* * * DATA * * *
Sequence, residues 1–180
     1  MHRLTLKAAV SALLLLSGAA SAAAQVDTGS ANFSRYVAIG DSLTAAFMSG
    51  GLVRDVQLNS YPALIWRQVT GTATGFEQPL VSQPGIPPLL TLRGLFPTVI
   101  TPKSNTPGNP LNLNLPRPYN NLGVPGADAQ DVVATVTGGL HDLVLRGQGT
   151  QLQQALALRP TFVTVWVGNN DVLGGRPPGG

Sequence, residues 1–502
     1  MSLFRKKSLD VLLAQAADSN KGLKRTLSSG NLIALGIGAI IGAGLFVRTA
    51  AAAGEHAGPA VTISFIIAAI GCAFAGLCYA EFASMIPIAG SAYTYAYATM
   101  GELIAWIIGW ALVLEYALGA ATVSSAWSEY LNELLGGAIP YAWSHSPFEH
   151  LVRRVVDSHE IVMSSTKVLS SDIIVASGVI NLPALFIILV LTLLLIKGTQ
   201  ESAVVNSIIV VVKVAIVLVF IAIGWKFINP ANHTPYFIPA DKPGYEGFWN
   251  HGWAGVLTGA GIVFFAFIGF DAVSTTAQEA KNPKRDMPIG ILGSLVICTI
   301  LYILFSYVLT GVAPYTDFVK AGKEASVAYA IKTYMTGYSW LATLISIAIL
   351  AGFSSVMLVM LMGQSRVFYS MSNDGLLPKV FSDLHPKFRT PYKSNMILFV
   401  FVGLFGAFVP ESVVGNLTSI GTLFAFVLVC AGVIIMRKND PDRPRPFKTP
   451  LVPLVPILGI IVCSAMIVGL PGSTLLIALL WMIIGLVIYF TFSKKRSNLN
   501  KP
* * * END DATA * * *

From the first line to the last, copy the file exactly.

Sequence, residues 1–180
     1  MHRLTLKAAV SALLLLSGAA SAAAQVDTGS ANFSRYVAIG DSLTAAFMSG
    51  GLVRDVQLNS YPALIWRQVT GTATGFEQPL VSQPGIPPLL TLRGLFPTVI
   101  TPKSNTPGNP LNLNLPRPYN NLGVPGADAQ DVVATVTGGL HDLVLRGQGT
   151  QLQQALALRP TFVTVWVGNN DVLGGRPPGG

Sequence, residues 1–502
     1  MSLFRKKSLD VLLAQAADSN KGLKRTLSSG NLIALGIGAI IGAGLFVRTA
    51  AAAGEHAGPA VTISFIIAAI GCAFAGLCYA EFASMIPIAG SAYTYAYATM
   101  GELIAWIIGW ALVLEYALGA ATVSSAWSEY LNELLGGAIP YAWSHSPFEH
   151  LVRRVVDSHE IVMSSTKVLS SDIIVASGVI NLPALFIILV LTLLLIKGTQ
   201  ESAVVNSIIV VVKVAIVLVF IAIGWKFINP ANHTPYFIPA DKPGYEGFWN
   251  HGWAGVLTGA GIVFFAFIGF DAVSTTAQEA KNPKRDMPIG ILGSLVICTI
   301  LYILFSYVLT GVAPYTDFVK AGKEASVAYA IKTYMTGYSW LATLISIAIL
   351  AGFSSVMLVM LMGQSRVFYS MSNDGLLPKV FSDLHPKFRT PYKSNMILFV
   401  FVGLFGAFVP ESVVGNLTSI GTLFAFVLVC AGVIIMRKND PDRPRPFKTP
   451  LVPLVPILGI IVCSAMIVGL PGSTLLIALL WMIIGLVIYF TFSKKRSNLN
   501  KP